Brain iron accumulation affects myelin-related molecular systems implicated in a rare neurogenetic disease family with neuropsychiatric features
|dc.identifier.citation||Heidari, M. and Johnstone, D. and Bassett, B. and Graham, R. and Chua, A. and House, M. and Collingwood, J. et al. 2016. Brain iron accumulation affects myelin-related molecular systems implicated in a rare neurogenetic disease family with neuropsychiatric features. Molecular Psychiatry. 21 (11): pp. 1599-1607.|
The ‘neurodegeneration with brain iron accumulation’ (NBIA) disease family entails movement or cognitive impairment, often with psychiatric features. To understand how iron loading affects the brain, we studied mice with disruption of two iron regulatory genes, hemochromatosis (Hfe) and transferrin receptor 2 (Tfr2). Inductively coupled plasma atomic emission spectroscopy demonstrated increased iron in the Hfe-/- × Tfr2mut brain (P=0.002, n =5/group), primarily localized by Perls’ staining to myelinated structures. Western immunoblotting showed increases of the iron storage protein ferritin light polypeptide and microarray and real-time reverse transcription-PCR revealed decreased transcript levels (P<0.04, n =5/group) for five other NBIA genes, phospholipase A2 group VI, fatty acid 2-hydroxylase, ceruloplasmin, chromosome 19 open reading frame 12 and ATPase type 13A2. Apart from the ferroxidase ceruloplasmin, all are involved in myelin homeostasis; 16 other myelin-related genes also showed reduced expression (P<0.05), although gross myelin structure and integrity appear unaffected (P>0.05). Overlap (P<0.0001) of differentially expressed genes in Hfe-/- × Tfr2mut brain with human gene co-expression networks suggests iron loading influences expression of NBIA-related and myelin-related genes co-expressed in normal human basal ganglia. There was overlap (P<0.0001) of genes differentially expressed in Hfe-/- × Tfr2mut brain and post-mortem NBIA basal ganglia. Hfe-/- × Tfr2mut mice were hyperactive (P<0.0112) without apparent cognitive impairment by IntelliCage testing (P>0.05). These results implicate myelin-related systems involved in NBIA neuropathogenesis in early responses to iron loading. This may contribute to behavioral symptoms in NBIA and hemochromatosis and is relevant to patients with abnormal iron status and psychiatric disorders involving myelin abnormalities or resistant to conventional treatments.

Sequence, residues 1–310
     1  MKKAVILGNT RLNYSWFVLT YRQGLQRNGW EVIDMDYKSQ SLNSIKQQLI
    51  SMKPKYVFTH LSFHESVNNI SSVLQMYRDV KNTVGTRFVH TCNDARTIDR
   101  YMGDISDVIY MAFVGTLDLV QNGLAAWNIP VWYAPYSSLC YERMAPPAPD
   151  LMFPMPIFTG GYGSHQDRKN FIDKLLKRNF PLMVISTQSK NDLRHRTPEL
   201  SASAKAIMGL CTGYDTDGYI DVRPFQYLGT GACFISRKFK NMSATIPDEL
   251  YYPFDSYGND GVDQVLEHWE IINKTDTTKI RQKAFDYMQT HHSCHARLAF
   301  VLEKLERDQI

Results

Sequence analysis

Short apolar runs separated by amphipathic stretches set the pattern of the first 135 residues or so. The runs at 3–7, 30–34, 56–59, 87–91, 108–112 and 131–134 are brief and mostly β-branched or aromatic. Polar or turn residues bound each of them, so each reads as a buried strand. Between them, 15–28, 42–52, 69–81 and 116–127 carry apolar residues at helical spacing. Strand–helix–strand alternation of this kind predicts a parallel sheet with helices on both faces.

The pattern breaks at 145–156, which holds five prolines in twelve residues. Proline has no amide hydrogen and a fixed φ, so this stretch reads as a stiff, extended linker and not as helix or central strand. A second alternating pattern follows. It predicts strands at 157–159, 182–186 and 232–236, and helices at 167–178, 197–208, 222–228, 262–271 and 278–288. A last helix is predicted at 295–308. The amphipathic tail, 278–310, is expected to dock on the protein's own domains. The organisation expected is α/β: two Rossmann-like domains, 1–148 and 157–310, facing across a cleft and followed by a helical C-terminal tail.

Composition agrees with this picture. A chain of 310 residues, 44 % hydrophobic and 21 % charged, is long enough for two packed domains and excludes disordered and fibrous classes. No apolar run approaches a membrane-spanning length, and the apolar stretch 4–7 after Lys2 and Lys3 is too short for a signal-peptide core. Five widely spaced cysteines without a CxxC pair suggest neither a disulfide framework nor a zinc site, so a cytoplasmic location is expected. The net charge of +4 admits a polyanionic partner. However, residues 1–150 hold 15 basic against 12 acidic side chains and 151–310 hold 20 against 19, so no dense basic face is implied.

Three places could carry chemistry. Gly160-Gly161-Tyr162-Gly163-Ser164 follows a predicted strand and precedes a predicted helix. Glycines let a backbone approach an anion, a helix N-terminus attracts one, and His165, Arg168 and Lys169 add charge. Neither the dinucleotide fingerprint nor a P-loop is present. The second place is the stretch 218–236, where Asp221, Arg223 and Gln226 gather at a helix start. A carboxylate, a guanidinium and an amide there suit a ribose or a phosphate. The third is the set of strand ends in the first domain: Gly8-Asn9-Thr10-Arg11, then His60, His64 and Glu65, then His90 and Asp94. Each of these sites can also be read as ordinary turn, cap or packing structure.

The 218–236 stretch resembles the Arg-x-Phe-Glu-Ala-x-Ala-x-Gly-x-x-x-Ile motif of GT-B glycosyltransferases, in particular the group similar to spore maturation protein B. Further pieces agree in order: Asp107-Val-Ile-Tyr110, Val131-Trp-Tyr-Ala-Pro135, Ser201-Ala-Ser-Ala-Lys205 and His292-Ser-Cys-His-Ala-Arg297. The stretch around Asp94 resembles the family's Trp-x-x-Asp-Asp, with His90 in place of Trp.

|dc.title||Brain iron accumulation affects myelin-related molecular systems implicated in a rare neurogenetic disease family with neuropsychiatric features|
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|curtin.department||School of Biomedical Sciences|